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This chapter is from the book

Understanding Client/Server Networks

When you have media players and media extenders on a network, they require a server where they get media content files to play. This setup creates a more traditional client/server network, as shown in Figure 3.2.

Figure 3.2

Figure 3.2 A client/server network has a main PC acting as a data server to both PCs and media player devices such as TVs and stereos connected to media extenders.

As shown in Figure 3.2, the primary PC that is used as the media server is connected directly to a router. It acts as the network hub and controls access to files from the other PCs and devices on the network. It also controls access to an Internet connection and other PCs and devices in the network access the Internet through its connection. With media extender devices or even other PCs, they can all use the security and firewall of the hub computer.

To understand this configuration better, a look at media extender devices is required.

Using Media Extenders in a Client/Server Network

Media extenders are relatively new devices, and they are essential additions to any home entertainment network. Here’s why.

It really doesn’t make sense to buy a full-powered PC that is capable of connecting to a TV, stereo, or powered speakers when all you use it for is viewing media files. And in many ways, a computer is a little too complex for the task: It requires keyboards and a mouse, and it’s big, clunky, and expensive.

A better solution is a small device that can connect directly to a TV or stereo and allow you to view video or photos or play music anywhere on the network.

Such devices, called media extenders, are now available at most major electronics stores, and they are changing the makeup of a home entertainment network. Selling for about $100 to $250, it’s a small computing device designed to work on a Windows XP home network. Each media extender contains its own simple user interface and TV and audio connectors; you connect it to a TV and a stereo. Using a supplied remote control, you can easily find and play a media file from your server PC.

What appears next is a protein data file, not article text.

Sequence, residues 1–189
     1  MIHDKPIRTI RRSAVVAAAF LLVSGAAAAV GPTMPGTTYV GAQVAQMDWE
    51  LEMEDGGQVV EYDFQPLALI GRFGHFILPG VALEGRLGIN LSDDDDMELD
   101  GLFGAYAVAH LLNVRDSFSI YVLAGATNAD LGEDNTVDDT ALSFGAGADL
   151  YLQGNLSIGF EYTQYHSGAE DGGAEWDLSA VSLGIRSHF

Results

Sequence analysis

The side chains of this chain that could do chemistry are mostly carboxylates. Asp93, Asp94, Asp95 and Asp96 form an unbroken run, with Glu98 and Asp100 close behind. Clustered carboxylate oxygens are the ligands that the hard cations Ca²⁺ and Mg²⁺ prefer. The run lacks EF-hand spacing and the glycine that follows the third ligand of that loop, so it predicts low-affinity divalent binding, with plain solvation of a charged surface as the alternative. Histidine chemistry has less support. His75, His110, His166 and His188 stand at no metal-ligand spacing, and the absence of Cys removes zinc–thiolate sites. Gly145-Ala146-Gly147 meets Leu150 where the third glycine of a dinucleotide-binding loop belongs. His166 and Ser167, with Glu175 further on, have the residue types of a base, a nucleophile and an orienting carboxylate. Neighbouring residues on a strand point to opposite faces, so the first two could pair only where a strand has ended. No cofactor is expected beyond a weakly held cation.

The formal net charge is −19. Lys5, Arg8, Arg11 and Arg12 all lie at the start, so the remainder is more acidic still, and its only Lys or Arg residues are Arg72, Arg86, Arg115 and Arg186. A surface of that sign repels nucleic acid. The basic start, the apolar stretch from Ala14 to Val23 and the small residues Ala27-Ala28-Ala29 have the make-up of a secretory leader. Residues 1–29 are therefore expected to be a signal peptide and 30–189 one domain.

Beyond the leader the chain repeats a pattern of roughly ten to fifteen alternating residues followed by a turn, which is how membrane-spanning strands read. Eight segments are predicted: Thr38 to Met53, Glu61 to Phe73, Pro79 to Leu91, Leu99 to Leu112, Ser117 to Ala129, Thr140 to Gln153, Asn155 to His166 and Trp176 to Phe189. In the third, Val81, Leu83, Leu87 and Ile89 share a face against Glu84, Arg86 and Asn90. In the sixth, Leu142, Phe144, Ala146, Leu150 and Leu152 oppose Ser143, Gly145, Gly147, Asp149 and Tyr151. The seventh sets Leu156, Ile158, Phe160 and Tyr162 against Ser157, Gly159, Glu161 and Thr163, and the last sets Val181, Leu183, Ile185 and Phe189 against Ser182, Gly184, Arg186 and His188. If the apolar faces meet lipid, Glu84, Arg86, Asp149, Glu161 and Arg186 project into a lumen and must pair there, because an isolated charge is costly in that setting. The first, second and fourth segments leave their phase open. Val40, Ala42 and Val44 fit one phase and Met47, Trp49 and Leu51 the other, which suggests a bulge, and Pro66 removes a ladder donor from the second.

Figure 3.3 shows a typical media extender and its connections for networking and attaching to a TV or stereo.

Figure 3.3

Figure 3.3 Media extenders connect to your network and play media files on TVs or stereos.

The media extender uses media player software that installs on a PC to play media located on that PC via the extender. It is essentially a client to a PC acting as a server. The media extender has the ability to interact with the media player software on the server and pull media files through the network and play them.

Media extenders are client/server networked devices. When you have several media extenders in your home, you find that the strategy of a client/server network works well for the media extenders and also for other PCs (although they do not require any special media serving software). The other PCs can simply use Windows Media Player or other media playing software accessing files shared from the main server PC.

Using PCs on a Client/Server Network

One of the advantages of a client/server network is that you can use PCs as clients. When acting as a client, you can use a PC that has a minimal configuration. You do not need client PCs to have large hard drives, DVD burners, or much of the power that the server PC has.

It’s okay if the client PCs are fully powered and as well equipped as the main server PC, but it’s okay if they’re not. As long as they meet the minimum requirements for running Windows XP (detailed in Chapter 2, "Configuring Your PC As an Entertainment Server") and are equipped with a network connection, either wired or wireless, you can access media files from your main server.

For a PC in a home entertainment network, even though you don’t need some of the large storage and processing power that the server PC has, you need the following to use the client PC as a media playing device:

  • TV-out display card—Your display card should have a TV-out connector so that you can view video, recorded TV, and pictures on a TV connected to the PC. You can use a TV rather than a computer monitor to view media. If you have a large enough computer monitor and it is used in a smaller room, you might find a computer monitor connected to a client PC adequate for most media viewing.
  • Powered speakers or connection to a stereo—Whether you are listening to music files or viewing video on your client PC, you want a good sound system connected to it. Your client PC is essentially becoming your home stereo device, and even TV viewing is enhanced with a good sound system.
  • Wireless keyboard and mouse—As with any PC used as a media player, you want the freedom and flexibility of a wireless keyboard and mouse when using your client PC.

With the preceding equipment, just about any PC functions well as a client PC. In addition to the benefits of playing media content from the main server PC, the client PC continues to function as a traditional PC in your home, making it a great multitasker.

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